Of the three, the Sony is hands-down the easiest to pick up and just start shooting. The buttons are obvious and in convenient places and I made it nearly all the way through the testing without having to consult the manual. But on the set, I ran into an annoying and non-adjustable sleep feature: The camera goes to sleep without any warning and you have to turn it on again (and again and again). The Canon, on the other hand, gives you ample warning with a series of gentle beeps.
Overall, the Sony renders color better than the other cameras -- but not $1,500 better. Sony also has single-CCD cameras and a line of Digital 8 cameras, which are considerably cheaper but also have less sophisticated features than the TRV900.
The Panasonic's PV-DV910 caught my eye right away. With a detachable light on top, it reminded me of a submarine. It has lots of bells and whistles. However, some of these extras, like a 300x digital zoom, turned out to be more gimmicky than useful. If you try, for example, to zoom in on a distant building, you get a blown-up view of a few windows, say -- but not a magnification of the whole thing. The reds and greens had an unnatural glare in our test shoot. The camera also doesn't like shadows very much; my film was marred by light glaring off a leather booth -- something which didn't happen with the Canon and Sony.
Worse yet, the Panasonic's digital image stabilization compromises the image quality. Image stabilization smoothes out the bumps as you shoot video at a crowded party or wedding, but the Panasonic's digital image stabilization overcompensates for small physical movements -- if you jerk one way it jerks the other way. Optical image stabilization is better than digital since it is actually integrated into the camera lens -- it moves with your body.
My mild dislike of the Panasonic turned into outright disdain, though, when I found out that the timecode resets itself every time you turn the camera off and back on -- making it difficult to keep track of how much tape you have left.
Because of Sony's reputation, I had been biased in favor of the TRV900, but the Canon Elura was my surprise favorite. It's amazing that Canon managed to fit so many incredible features into such a tiny package. At five inches high and four inches wide, it slips into a purse or backpack easily and still matches the Sony feature for feature with optical zoom and optical image stabilization. It's small enough that I could hold it steady enough to shoot with one hand, and I have small hands. When I took the cameras out on the street, the Elura was completely unnoticed by passersby; and in heavy crowd situations I had absolute control over it.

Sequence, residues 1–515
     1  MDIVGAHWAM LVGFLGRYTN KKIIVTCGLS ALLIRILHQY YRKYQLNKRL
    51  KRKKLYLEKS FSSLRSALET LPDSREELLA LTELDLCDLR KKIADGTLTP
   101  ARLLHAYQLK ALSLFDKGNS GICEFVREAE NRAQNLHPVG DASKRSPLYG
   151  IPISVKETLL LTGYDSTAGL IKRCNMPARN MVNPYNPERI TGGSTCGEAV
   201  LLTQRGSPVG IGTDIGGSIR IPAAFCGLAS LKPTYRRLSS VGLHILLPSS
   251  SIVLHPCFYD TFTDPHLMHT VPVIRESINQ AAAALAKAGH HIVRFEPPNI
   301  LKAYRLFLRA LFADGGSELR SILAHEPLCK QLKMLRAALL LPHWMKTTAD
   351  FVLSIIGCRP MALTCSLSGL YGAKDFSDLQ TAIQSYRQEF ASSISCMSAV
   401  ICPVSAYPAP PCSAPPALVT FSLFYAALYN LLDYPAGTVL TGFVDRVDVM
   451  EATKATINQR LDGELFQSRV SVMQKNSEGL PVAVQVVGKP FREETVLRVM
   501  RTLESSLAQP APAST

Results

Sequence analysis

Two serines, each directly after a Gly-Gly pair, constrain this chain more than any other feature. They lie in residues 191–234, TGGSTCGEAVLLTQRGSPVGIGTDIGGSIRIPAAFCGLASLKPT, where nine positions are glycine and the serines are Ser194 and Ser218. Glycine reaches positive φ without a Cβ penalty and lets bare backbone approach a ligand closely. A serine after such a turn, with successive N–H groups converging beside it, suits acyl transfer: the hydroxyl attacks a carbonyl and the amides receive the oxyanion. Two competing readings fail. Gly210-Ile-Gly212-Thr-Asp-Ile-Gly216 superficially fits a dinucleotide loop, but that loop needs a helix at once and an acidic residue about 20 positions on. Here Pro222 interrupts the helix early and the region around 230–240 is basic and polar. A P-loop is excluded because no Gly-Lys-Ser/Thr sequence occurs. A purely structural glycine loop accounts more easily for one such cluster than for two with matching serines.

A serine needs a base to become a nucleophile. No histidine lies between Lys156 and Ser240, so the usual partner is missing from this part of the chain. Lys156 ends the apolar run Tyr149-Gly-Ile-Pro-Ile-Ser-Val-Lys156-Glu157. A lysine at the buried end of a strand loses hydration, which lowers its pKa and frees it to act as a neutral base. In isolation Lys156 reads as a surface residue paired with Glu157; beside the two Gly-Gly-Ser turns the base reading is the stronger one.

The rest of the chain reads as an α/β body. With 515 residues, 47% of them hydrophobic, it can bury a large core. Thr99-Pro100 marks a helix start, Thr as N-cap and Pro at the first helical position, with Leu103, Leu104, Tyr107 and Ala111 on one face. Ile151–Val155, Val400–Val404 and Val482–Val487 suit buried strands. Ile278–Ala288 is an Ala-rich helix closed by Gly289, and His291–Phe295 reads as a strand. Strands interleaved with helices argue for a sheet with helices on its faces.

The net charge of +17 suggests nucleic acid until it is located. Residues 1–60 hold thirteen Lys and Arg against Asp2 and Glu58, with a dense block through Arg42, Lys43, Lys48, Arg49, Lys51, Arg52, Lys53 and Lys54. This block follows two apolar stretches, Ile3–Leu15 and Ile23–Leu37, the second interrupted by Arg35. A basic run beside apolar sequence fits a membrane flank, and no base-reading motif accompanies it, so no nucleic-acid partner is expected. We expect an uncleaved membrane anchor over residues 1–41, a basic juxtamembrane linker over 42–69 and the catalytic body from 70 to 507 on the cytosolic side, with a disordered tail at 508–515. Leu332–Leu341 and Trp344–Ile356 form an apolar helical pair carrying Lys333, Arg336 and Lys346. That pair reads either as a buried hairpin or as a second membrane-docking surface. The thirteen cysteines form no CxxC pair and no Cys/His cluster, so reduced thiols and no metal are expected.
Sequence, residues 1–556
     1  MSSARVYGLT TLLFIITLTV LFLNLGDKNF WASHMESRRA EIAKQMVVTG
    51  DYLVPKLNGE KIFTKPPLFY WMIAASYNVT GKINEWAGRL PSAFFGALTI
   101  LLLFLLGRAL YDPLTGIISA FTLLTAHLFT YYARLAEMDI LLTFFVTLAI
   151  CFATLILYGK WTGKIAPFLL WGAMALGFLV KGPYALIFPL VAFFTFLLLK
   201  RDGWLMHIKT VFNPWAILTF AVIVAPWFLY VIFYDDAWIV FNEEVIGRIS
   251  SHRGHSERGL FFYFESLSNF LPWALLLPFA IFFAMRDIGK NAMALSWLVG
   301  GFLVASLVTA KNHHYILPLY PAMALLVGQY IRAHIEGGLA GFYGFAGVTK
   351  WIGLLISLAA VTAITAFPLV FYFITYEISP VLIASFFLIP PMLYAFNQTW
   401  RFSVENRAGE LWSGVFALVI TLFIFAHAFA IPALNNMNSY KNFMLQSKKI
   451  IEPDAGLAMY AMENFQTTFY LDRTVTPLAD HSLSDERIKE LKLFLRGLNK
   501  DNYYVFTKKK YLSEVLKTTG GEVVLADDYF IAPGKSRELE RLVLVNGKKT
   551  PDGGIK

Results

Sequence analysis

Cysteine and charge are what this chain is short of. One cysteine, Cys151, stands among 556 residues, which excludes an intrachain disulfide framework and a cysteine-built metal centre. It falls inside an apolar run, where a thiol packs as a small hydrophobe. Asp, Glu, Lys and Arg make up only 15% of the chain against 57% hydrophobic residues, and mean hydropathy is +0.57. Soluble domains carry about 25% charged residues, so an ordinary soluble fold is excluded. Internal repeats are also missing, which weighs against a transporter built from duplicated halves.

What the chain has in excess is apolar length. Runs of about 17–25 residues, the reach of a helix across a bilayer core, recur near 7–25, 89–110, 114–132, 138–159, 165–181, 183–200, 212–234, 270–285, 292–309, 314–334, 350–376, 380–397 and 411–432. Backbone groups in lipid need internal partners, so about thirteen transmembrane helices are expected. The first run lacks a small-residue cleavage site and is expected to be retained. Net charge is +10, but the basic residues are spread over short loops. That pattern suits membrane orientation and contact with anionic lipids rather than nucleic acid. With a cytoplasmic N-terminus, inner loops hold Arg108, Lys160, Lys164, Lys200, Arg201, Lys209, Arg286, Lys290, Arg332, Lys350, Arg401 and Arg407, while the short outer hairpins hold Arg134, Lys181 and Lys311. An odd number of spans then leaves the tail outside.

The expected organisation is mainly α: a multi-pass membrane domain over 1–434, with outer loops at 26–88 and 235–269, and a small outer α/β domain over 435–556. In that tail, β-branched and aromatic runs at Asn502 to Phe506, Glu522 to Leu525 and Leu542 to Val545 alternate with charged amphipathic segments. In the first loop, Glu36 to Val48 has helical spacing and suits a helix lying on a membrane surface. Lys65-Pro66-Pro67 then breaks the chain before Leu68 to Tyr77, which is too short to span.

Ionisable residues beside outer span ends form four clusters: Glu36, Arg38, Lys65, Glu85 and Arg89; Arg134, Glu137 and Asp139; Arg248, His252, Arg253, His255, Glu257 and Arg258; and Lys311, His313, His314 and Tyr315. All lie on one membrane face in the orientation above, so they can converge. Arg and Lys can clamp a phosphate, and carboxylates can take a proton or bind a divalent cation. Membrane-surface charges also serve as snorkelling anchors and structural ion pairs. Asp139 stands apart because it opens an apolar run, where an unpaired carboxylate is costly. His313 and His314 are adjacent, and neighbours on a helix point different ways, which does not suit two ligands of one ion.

Both the Canon and the Sony take still photos with progressive scan -- which means that the cameras read all the pixels of the image with a single pass, for cleaner edges and sharper photos. The Canon also did an excellent job with shadows, reproducing the way our set actually looked, including a dark backdrop. The Elura has a 12x optical zoom and a 48x digital zoom, and optical image stabilization for a steady shot. (When you hear optical, think optimal: an optical zoom magnifies the image, while a digital zoom simply blows it up for a jagged, pixelated image.)
For a single-CCD camera, the Canon Elura performs extraordinarily well. So well, in fact, that I wouldn't be able to justify spending an additional $1,000 for Sony's 3-CCD model. The Elura's colors are bright and the edges are sharp. The red on Harry's tie did bleed a little into the gray suit, but the same happened with the Sony and the Panasonic.
Before doing this review, I had my heart set on buying the Sony TRV900. Now I'm definitely going for the more-bang-for-your-buck Canon Elura. By the end of the shoot, the Elura was starting to feel like an extension of my hand. Spend some time finding the camera that fits you like a glove, and start shooting -- and editing. It's a lot of fun.